See it … Say it! The right kind of praise does build self-esteem.

Recently it seems that every major publication has had an article about praising children: too much praise, not enough praise, or the wrong kind of praise.  The Atlantic recently published a piece by Eleanor Barkhorn called Lavishing Kids with Praise Can Make Them Feel Bad about ThemselvesMs Barkhorn, we think, correctly asserts that there is too much of the wrong kind of praise – what she would call inflated praise.

First of all, we have to understand why we use praise (or encouragement, positive reinforcement, positive description or acknowledgement – whatever you want to call it).  Praise has purpose – a key purpose – and every parent needs to know this!  The purpose of praise is to instill in your children a strong sense of self-esteem and true confidence in their own ability. The reality is that most comments directed toward our children are negative and on many days, the ratio is almost 684:72 negative:positive!  That is almost 10:1 … and not in a good way! In order to build confidence and self-esteem, the magic ratio needs to  be 5:1 positive:negative.  Praise works, because when you spot your children doing or saying things that you want them to be doing and saying, they will do more of it when they know that you have seen it.  Get it?  See it … Say it!

 With so much information about praise, just what are you going to say?

 Ms Barkhorn describes three kinds of praise – all of which, we agree, are ineffective, evaluative ways that are unlikely to teach your children anything useful about what to do next time:

 Inflated: "You made an incredibly beautiful drawing!"

Non-Inflated "You made a beautiful drawing!"

No praise: No comment whatsoever about the drawing at all.

 And, then she provides insight into the kind of praise that will impact self-esteem: “frank, straightforward praise”. We make it much simpler and call it descriptive praise. This is what descriptive praise looks like [and here is the caveat – it has to be 100% factual and honest … you can’t say something you truly don’t believe … because your child won’t believe it either.]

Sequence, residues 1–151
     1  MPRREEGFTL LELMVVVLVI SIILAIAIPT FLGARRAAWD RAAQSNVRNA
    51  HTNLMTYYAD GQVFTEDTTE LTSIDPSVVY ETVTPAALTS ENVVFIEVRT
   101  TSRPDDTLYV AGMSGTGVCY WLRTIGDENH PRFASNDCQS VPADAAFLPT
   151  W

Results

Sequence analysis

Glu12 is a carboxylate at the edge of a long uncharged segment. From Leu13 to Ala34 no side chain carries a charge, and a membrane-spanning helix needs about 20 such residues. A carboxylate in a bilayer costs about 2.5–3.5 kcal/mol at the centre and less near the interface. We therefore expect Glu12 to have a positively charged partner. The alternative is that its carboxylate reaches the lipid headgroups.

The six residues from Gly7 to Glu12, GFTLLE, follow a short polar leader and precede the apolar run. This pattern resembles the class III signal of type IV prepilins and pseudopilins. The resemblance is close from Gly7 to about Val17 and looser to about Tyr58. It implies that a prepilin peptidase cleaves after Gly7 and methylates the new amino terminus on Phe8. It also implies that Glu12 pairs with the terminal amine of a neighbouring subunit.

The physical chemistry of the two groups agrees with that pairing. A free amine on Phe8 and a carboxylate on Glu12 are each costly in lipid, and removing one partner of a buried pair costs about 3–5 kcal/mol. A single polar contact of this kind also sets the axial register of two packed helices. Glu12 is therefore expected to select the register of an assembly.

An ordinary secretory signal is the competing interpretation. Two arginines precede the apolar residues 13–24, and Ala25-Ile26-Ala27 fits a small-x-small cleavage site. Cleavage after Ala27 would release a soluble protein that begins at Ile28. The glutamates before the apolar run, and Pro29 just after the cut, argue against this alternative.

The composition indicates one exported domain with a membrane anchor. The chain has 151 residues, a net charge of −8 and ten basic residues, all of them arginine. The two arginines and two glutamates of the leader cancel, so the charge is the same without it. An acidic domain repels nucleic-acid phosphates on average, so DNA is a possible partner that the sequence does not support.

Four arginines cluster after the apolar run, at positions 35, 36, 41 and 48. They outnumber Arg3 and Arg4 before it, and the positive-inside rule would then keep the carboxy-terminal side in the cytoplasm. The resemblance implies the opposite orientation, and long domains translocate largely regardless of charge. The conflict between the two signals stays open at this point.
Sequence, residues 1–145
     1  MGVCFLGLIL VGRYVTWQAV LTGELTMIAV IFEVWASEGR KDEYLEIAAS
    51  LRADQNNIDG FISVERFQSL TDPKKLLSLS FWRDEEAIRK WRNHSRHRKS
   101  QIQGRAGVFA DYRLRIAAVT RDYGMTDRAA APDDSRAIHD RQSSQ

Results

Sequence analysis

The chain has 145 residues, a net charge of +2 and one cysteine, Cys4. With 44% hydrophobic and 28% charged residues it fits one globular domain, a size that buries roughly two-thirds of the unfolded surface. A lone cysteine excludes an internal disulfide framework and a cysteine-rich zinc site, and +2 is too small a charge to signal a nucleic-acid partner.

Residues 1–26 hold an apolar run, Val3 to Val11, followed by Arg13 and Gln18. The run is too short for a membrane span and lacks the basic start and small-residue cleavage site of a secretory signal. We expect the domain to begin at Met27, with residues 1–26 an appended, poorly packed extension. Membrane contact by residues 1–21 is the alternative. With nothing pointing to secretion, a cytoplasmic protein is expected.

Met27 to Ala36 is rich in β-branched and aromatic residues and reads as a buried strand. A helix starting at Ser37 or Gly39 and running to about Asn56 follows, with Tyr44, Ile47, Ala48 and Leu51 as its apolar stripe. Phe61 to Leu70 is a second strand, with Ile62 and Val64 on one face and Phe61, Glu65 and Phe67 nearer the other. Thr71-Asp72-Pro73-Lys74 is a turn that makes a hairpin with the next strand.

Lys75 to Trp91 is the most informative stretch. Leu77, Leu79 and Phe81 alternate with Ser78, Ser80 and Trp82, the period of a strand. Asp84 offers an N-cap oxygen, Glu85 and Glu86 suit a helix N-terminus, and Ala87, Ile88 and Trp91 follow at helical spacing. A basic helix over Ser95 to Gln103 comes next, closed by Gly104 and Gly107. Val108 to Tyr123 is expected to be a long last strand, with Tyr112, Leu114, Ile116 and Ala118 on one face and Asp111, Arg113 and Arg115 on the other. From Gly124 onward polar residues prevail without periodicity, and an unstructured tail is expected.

You have been sitting at the table for more that 30 minutes working away at that vocabulary list.  You are really focusing your attention on it.  I really like the way you have covered up the definitions and are writing them down in your own words.  That shows great initiative and will help you remember the words. ... (later) And now you’re doing the practice quiz on the iPad.  It’s great that you find new ways to prepare for the test. ... (after the test) You did so much better on this week’s test … and you know, that hard work you did made a big difference.

 What does your child learn about himself from this honest assessment?

  1. I can focus my attention;
  2. I can take the initiative to come up with learning strategies that work for me;
  3. I can find extra study sources to supplement my learning.
  4. Effort pays off.

How do you descriptively praise?

  1. See it … Say it! Focus on what your children are getting right and tell them so!
  2. Notice and mention - in detail – tiny steps in the right direction.
  3. Acknowledge their effort, attitude, strategies used and improvement.
  4. Point out the qualities demonstrated.

This will start to build their self-esteem.  It will be a bit like watering a cactus at first – you really won’t have any idea of the influence of your words.  Eventually, though, you will hear your child say something like ‘vocabulary tests are easy’.  Success breeds success.  When you support your children to get things right, and point out when they’re doing so, they will be SO much more motivated to do the same next time.

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